Argued: February 13, 2014.
Appeal from Kitsap County Superior Court. 93-1-00265-1. Honorable M. Karlynn Haberly.
Thomas E. Weaver Jr., for petitioner.
Russell D. Hauge, Prosecuting Attorney, and Randall A. Sutton, Deputy, for respondent.
Diane M. Meyers, Kellen A. Hade, Sarah A. Dunne, and Nancy L. Talner on behalf of The Innocence Network, amicus curiae.
AUTHOR: Justice Mary E. Fairhurst. WE CONCUR: Justice Charles W. Johnson, Justice Charles K. Wiggins, Justice Steven C. Gonzá lez, Justice Sheryl Gordon McCloud, Stephen J. Dwyer, Justice Pro Tem. AUTHOR: Justice Debra L. Stephens. WE CONCUR: Chief Justice Barbara A. Madsen, Justice Susan Owens.
[181 Wn.2d 255] ¶ 1 -- In 1993, petitioner Lindsey L. Crumpton was convicted of five counts of first degree rape and one count of residential burglary. In 2011, he petitioned the court for postconviction deoxyribonucleic acid (DNA) testing pursuant to RCW 10.73.170. The superior court denied this motion, saying he had not shown a " 'likelihood that the DNA evidence would demonstrate his innocence on a more probable than not basis'" as is required by RCW 10.73.170(3). Clerk's Papers (CP) at 63 (quoting RCW 10.73.170(3)). The Court of Appeals affirmed. We must decide the standard the court should use to decide a motion for postconviction DNA testing and whether a court should presume DNA evidence would be favorable to the convicted individual when determining if it is likely the evidence would prove his or her innocence. We hold that a court should use such a presumption. We reverse and remand to the trial court to apply the proper standard.
I. FACTUAL BACKGROUND AND PROCEDURAL HISTORY
¶ 2 In 1993, a 75 year old widow living alone in Bremerton was repeatedly raped by an intruder. State v. Crumpton, 172 Wn.App. 408, 410, 289 P.3d 766 (2012). The woman was awoken at around 3:15 a.m. and saw a man standing in her room. Id. The man covered her head with bedding and raped her five times, four times anally and once vaginally. Id. In between each rape, he rummaged through different rooms in the house for valuables. Id. The [181 Wn.2d 256] woman was unable to give a good description of the rapist due to the dark room and her head being covered during the encounter. Id. However, she described him as a " 'big black man'" who felt " 'greasy'" and smelled of cologne. Id. at 410-11 (internal quotation marks omitted) (quoting State v. Crumpton, noted at 82 Wn.App. 1015, slip op. at 3 (1996)).
¶ 3 After the fifth rape, the man poured something cold onto the woman,  rammed handkerchiefs from the woman's nightstand drawer into her perineal area, and then left. Id. at 410. Shortly afterward, she went to her neighbor's house for help. Id. at 411. At around 5:15 a.m., they called the police. Id. Paramedics came and took her to the hospital, where the doctor observed bruising on her neck, tearing of her rectum, and blood in her vagina. Id.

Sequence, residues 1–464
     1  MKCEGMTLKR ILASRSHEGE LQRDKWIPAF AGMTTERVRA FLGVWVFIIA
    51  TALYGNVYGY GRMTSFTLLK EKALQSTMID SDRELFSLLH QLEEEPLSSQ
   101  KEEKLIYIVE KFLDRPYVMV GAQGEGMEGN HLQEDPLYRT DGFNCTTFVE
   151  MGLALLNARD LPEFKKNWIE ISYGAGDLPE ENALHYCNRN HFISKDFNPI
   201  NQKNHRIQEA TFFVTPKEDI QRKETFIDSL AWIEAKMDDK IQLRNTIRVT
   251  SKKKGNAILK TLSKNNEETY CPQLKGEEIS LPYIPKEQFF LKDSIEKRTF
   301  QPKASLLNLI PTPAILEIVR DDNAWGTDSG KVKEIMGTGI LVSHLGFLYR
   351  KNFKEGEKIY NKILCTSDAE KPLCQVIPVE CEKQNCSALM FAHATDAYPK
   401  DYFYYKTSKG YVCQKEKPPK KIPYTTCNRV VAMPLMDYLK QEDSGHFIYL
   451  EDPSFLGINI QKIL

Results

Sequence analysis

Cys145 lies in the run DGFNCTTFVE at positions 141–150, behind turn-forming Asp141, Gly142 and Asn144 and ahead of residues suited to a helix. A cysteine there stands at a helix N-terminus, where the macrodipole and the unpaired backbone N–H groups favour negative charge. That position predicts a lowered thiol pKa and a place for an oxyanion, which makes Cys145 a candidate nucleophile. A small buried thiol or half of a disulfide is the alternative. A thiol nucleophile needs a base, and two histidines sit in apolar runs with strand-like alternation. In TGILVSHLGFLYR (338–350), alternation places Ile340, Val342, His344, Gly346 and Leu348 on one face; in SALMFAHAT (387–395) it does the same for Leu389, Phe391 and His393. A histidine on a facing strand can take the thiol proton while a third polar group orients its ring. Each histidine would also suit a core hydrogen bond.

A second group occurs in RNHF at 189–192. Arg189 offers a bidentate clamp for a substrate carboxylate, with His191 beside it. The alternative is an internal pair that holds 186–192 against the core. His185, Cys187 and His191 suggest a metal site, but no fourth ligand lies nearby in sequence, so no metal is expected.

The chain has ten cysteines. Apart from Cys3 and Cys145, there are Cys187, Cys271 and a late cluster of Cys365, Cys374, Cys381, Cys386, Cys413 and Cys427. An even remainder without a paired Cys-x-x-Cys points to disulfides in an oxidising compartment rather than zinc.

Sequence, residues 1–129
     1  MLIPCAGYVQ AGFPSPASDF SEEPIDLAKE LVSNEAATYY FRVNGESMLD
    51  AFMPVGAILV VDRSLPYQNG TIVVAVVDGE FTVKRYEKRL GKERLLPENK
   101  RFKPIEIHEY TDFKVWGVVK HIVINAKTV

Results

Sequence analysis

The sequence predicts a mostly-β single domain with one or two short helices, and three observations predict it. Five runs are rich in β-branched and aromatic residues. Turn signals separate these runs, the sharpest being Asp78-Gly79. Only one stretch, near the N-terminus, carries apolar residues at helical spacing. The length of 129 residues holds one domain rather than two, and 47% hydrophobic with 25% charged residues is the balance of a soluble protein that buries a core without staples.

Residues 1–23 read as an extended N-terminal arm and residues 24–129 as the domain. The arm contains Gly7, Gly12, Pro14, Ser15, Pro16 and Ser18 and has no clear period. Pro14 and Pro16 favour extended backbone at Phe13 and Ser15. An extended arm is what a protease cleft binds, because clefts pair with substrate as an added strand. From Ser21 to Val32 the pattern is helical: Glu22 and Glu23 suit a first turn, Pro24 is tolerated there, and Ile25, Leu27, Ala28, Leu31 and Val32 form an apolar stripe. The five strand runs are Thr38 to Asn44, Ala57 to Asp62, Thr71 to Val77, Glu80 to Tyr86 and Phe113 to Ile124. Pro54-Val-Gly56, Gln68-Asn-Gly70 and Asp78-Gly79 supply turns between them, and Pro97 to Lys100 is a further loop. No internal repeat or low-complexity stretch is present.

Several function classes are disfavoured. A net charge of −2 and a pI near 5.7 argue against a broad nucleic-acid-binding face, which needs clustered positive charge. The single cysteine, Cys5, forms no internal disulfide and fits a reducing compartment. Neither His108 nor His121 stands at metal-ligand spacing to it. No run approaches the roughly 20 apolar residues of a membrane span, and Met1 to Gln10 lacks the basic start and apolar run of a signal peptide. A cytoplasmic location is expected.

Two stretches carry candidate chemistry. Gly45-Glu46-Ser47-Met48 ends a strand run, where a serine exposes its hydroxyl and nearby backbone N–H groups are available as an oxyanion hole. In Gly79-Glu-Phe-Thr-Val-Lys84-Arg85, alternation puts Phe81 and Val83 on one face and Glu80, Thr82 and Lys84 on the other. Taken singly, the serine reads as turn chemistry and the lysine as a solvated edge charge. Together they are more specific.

¶ 4 A police officer stopped Crumpton at 5:23 a.m. because he matched the description of the rapist. Id. Crumpton was running a half a mile from the woman's house. He was wearing soiled pants and a black leather jacket without a shirt. Id. His skin looked wet. Id. He was carrying a flower-print design pillowcase or blanket smeared with blood that matched the woman's bedding. Id. He had a beige phone cord,  costume jewelry, a cigarette case, and a number of handkerchiefs. Id. at 411-12. The woman identified all these items as belonging to her. Id. at 412. One of the hairs collected from the woman's mattress matched a pubic hair sample from Crumpton. Id. at 413.
¶ 5 When he was first stopped, Crumpton claimed he was going to his mother's house from his sister's house. Id. at 411. He said he had the sheets for his mother to wash, the handkerchiefs because
he had a cold, and the jewelry because he didn't trust his sister with it. Id. at 412. Later, Crumpton admitted to being in the woman's house for [181 Wn.2d 257] approximately 40 minutes and to taking her items but denied hitting or raping her.
¶ 6 Crumpton was charged with five counts of first degree rape and one count of residential burglary. After a trial, the jury returned guilty verdicts on all counts. The trial court imposed an exceptional sentence based on deliberate cruelty and the particular vulnerability of the victim. Crumpton appealed, and his conviction was affirmed. This court denied review.
¶ 7 Years later, Crumpton filed a motion to allow postconviction DNA testing of several items of evidence that contained biological material: the rectal and vaginal swabs of the victim, the flannel sheet from the bed, white handkerchiefs collected from the scene of the rape, and hairs that were also collected from the scene. The trial court denied this motion. CP at 60-65. The Court of Appeals affirmed the trial court in a 2-1 published decision. Crumpton, 172 Wn.App. 408. We granted review. State v. Crumpton, 177 Wn.2d 1015, 306 P.3d 960 (2013).
II. ISSUE PRESENTED
¶ 8 On a motion for postconviction DNA testing, should a trial court presume that DNA results would be favorable to the defendant when determining if the DNA test would demonstrate his innocence on a more probable than not basis?
¶ 9 We review a trial court's decision on a motion for postconviction DNA testing for abuse of discretion. State v. Riofta, 166 Wn.2d 358, 370, 209 P.3d 467 (2009). A trial court abuses its discretion if the decision rests on facts unsupported in the record or was reached by applying the wrong ...